Thursday, November 18, 2010
ALISAL CENTER FOR THE FINE ARTSYear Founded: 1986 | Paid Staff: 6 to 10 part-time | Budget: $109,000 | 758-5715
The Big Idea: As complex as Salinas’ gang problem is, one solution isn’t exactly brain surgery: keeping young artists busy doing constructive activities so they don’t have time for violence. Last year, the center averaged some 240 students in its free workshops at any given time; this year it wants to expand. More money would allow the center to offer a multimedia workshop and vocal music and mariachi programs. It latest oral history/theater project, “Re-Alisal: The Histories Beneath the Headlines,” needs community input – interviews from local clinics, alcohol and drug abuse centers, women and children’s safe houses and public schools – to create a full-fledged production.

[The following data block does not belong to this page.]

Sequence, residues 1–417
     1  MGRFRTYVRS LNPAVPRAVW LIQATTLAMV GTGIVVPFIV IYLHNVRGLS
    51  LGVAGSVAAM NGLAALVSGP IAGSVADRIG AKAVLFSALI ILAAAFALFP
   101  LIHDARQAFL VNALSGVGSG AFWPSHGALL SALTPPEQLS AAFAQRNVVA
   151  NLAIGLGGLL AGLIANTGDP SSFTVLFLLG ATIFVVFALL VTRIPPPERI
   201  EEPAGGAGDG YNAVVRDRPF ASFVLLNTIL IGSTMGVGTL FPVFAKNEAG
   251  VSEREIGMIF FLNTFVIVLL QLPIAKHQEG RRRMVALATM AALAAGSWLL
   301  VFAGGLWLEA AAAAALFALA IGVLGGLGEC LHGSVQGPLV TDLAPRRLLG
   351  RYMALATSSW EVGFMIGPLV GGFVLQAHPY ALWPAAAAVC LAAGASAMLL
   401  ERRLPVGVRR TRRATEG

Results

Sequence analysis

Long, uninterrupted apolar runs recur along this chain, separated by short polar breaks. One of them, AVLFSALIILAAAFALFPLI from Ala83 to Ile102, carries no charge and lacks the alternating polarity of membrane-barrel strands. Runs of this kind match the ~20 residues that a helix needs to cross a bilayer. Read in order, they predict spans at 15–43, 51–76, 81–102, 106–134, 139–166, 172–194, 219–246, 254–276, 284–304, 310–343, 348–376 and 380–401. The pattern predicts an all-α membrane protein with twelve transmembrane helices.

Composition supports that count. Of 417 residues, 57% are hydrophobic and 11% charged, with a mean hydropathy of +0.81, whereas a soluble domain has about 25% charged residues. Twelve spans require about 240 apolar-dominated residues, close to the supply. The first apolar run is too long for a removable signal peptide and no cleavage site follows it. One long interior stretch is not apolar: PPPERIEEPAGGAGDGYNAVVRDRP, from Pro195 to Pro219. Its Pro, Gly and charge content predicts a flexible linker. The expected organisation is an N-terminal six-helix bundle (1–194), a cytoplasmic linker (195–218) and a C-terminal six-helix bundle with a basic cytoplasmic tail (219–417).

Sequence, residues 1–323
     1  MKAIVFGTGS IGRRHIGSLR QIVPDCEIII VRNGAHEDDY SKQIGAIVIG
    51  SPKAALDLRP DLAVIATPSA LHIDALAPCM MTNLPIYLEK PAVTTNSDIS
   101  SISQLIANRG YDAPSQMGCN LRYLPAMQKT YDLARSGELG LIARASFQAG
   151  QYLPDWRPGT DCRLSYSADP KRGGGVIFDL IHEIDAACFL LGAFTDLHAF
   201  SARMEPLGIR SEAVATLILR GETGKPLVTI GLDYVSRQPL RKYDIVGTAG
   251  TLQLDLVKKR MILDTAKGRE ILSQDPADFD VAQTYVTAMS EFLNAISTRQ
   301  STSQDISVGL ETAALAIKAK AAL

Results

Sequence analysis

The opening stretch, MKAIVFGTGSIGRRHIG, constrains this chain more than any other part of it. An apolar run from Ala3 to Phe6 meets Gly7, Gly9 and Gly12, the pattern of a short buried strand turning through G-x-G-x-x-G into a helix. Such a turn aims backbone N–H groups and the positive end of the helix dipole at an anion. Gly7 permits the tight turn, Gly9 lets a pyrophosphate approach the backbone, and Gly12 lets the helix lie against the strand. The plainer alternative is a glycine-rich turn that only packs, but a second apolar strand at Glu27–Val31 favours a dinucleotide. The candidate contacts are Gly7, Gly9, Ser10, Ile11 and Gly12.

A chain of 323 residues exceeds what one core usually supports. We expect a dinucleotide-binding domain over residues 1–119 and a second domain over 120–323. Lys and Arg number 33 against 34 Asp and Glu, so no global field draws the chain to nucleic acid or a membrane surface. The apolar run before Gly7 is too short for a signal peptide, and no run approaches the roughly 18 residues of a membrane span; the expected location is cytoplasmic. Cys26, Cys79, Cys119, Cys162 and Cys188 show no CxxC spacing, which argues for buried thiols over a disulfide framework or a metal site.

Visually Arresting: “We encourage young people to continue their education, and we give them confidence to do so. We’ve nearly completed an arts center in East Salinas.”
ARIEL THEATRICAL, INC.Year Founded: 1986 | Staff: 7 | Budget: $400,000 | 775-0976 | www.arieltheatrical.org
The Big Idea: ARIEL enriches and changes childrens’ lives to create a sense of stewardship and responsibilty through the lessons learned as they work and apply themselves in the theatrical experience. Since 1986, over 200,000 elementary – and middle-school students have attended an ARIEL theatrical presentation – for many its their first exposure to live theater. For the young actors in the 50 – to 70-member casts, ARIEL’s 12 annual shows provide a chance to perform in front of their peers. Production and performance costs run high and are likely to keep increasing. Additional funding will allow more young performers to hone their skills and expose many, many others to the wonders of the stage.